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Wednesday, December 8, 2010

Figuring out how to Write Objective Statements on Resumes

One of my annual blog posts is a review of the resume objective statements written by graduating class of Wharton Health Care Majors. Analyzing objective statements has been a hobby of mine for a while as I made fun of my classmates objective statements during our end of the year banquet. Some feel that I may need new hobbies and probably some new friends given one of my hobbies is to alienate my classmates/friends. However, a self-deprecating sense of humor goes a long way and it's my blog so I get to pretend that I'm funny.

First the disclaimer. The people for whom I am about to make fun of (Wharton Class of 2011) are orders of magnitude smarter than me. From looking at their pictures they are also really really really ridiculously good-looking. No one in my organization lets me even pick a lunch place, let alone make a hiring decision, so what I wrote should not be considered to be actual career advice.

Allow me to elaborate on the Wharton MBA Resume Objective statements:

So you're telling me that I have a chance: In previous years, students had grand visions of requesting "strategic opportunities" or "leadership opportunities". This year, everyone was more humble with requests for a simple "opportunity". One student trumped all as he was looking for a "strategic leadership opportunity." No one has raised the stakes like consumer goods companies raise the number of razor blades with a 3rd adjective prior to opportunity. Nor went for complete honesty by requesting an opportunity "that doesn't suck monkey balls."

Ask not what your company can do for you:
Actually, this year's students are telling their companies what they expect of them. Many students use their objective statements to tell companies that they are looking for "entrepreneurial" or "innovative" places to work. Luckily all the established highly bureaucratic Fortune 100 companies that mostly hire at Wharton don't seem to be too worried. Some want their teams to "high quality". One person wants their company to be both "entrepreneurial" and "pioneering". Upon checking this person's resume, I was disappointed that they did not work for the pioneering company that develop the educational game Oregon Trail. One person was just looking for a company that was "promising".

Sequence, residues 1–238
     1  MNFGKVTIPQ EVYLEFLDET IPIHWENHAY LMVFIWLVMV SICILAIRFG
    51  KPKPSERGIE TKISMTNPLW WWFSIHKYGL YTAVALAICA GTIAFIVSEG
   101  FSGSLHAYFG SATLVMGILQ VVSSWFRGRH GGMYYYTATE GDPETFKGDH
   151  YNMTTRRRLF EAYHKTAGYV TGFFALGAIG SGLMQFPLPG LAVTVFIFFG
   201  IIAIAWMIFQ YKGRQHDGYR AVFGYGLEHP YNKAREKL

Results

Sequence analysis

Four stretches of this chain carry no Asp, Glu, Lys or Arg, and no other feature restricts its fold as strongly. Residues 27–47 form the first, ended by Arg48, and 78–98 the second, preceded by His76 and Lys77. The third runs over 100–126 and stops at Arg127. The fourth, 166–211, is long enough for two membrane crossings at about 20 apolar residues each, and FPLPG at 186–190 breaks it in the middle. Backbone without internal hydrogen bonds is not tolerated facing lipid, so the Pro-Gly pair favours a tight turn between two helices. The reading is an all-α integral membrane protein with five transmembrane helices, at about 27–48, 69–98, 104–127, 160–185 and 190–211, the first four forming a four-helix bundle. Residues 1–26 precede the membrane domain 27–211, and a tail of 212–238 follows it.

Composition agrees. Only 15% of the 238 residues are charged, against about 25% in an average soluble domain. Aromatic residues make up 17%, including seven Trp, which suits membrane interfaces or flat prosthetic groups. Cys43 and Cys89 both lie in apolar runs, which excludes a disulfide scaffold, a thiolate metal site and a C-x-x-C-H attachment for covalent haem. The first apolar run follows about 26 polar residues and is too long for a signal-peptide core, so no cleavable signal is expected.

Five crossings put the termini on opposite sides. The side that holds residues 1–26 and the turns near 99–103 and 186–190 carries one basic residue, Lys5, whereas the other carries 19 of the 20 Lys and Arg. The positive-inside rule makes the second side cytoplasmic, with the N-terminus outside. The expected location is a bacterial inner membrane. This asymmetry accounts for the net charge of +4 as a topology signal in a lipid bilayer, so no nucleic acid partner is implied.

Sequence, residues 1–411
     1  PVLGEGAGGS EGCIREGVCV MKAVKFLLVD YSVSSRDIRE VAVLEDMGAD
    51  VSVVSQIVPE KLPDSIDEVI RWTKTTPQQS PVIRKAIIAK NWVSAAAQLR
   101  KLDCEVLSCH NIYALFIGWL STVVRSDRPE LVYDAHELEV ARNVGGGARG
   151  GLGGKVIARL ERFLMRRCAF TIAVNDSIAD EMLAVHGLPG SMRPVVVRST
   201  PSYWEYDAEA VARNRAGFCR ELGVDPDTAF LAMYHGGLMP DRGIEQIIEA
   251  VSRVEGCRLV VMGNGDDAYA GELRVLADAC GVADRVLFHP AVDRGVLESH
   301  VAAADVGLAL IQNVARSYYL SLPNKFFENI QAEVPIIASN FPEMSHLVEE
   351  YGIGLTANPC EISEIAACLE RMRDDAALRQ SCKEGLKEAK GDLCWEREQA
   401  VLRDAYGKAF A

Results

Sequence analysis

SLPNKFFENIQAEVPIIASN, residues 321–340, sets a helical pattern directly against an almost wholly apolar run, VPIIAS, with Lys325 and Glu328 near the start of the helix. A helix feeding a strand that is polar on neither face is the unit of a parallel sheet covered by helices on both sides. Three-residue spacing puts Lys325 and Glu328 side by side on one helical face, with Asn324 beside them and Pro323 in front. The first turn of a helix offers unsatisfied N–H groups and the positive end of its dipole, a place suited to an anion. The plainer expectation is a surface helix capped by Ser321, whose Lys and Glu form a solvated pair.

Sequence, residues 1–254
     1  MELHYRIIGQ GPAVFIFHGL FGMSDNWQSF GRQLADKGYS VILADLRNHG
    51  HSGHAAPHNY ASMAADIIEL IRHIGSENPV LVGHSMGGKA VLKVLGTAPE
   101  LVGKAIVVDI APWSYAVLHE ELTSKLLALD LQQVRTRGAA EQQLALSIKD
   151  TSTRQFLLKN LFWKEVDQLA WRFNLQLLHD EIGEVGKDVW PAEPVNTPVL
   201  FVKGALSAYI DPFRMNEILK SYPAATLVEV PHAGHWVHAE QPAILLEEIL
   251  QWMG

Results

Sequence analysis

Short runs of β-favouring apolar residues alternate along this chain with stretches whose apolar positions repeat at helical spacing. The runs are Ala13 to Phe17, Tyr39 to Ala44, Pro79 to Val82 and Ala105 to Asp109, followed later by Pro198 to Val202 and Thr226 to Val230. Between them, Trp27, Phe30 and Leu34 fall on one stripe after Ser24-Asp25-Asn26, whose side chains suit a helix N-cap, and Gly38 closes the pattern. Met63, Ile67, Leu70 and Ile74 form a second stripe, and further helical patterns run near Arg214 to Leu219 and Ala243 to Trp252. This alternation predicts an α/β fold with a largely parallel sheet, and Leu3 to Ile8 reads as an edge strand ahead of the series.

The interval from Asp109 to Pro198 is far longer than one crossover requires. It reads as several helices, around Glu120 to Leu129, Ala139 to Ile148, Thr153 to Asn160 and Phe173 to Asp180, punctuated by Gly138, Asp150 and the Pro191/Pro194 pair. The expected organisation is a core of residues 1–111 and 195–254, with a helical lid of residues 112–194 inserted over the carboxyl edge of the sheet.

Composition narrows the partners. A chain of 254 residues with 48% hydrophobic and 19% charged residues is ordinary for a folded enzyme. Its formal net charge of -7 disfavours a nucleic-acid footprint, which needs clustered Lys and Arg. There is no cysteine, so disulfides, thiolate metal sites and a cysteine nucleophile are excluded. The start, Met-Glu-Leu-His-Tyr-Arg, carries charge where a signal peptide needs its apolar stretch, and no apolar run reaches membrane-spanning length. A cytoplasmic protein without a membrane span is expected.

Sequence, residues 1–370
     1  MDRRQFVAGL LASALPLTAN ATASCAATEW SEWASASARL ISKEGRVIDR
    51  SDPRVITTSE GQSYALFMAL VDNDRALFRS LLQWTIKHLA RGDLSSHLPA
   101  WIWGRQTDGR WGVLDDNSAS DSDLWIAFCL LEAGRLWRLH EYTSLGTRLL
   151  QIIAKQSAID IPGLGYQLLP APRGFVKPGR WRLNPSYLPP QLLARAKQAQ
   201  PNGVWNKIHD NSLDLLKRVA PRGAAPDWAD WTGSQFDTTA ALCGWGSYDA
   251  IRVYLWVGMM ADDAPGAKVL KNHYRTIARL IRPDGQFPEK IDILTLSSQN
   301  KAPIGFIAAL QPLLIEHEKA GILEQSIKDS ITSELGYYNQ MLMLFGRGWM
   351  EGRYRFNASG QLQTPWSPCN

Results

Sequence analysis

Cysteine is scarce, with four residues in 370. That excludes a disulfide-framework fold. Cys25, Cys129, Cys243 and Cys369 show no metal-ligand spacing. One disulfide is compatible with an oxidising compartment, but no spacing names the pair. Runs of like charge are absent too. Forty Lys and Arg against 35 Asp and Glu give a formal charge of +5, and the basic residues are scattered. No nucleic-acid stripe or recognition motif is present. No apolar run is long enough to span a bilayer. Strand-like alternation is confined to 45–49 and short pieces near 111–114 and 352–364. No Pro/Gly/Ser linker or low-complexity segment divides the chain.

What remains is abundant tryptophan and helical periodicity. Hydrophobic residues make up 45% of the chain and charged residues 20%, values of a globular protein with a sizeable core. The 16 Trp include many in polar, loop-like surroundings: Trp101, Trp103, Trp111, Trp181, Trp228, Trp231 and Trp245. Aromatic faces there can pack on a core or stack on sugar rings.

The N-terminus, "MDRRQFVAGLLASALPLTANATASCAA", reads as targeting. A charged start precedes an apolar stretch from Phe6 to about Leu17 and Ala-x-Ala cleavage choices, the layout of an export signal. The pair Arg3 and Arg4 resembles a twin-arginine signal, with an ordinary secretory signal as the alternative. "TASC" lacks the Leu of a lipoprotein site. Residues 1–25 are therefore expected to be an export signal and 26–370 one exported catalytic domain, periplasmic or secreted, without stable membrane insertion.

Does anyone remember how we originally used the word leverage?
The word that appeared most often in everyone's objective statement was "leverage." Everyone was looking to leverage something whether it be their scientific and business background, their leadership experience, or just leverage their levers. I can't argue with the whole idea of leverage. Whenever I go to the bathroom, I try to leverage my trip and do both number one and number two. I try to leverage my hand washing, too but my wife doesn't seem to appreciate it.

Some in this class actually figured out how to write an objective statement:
My biggest surprise was not how good-looking all the students were (seriously, did they air brush the picture or are people in their 20's really that much better looking than the general population?). The surprise was that a number of students wrote really good objective statements. They didn't fill the objective statements with unnecessary adjectives that really just say "doesn't suck monkey balls," or hedge every career opportunity. Some figured out how to write an objective statement that provided succinct and relevant information to a future employer. Most used the word "leverage" but there's definitely worse words to use (like "create value").

The best objective statements simply said "An opportunity to leverage my X background and Y background." It's elegant, simple, and relevant. It tells the employer their industry background that they're looking to build off. It shares who they are. After seeing this solution to an objective statement, I realized that they might just create strategic value in an impactful resume. Argh, must stop reading resumes. I am going to strategically go to the bathroom and try to leverage the 2 remaining squares of toilet paper.

2 comments:

chandra said...

Stating resume objectives could helpfulness in convincing expected employer that you make a well-defined advancement oblique and thusly common to the filed and you would be a positive plus to the staff. you really provided excellent points..


Resume Objectives

Deadhedge said...

Chandra, your comment is hard to follow due to the awkward words that you use. I still think that objective statements on resume are not a good use of space and wouldn't recommend using them.

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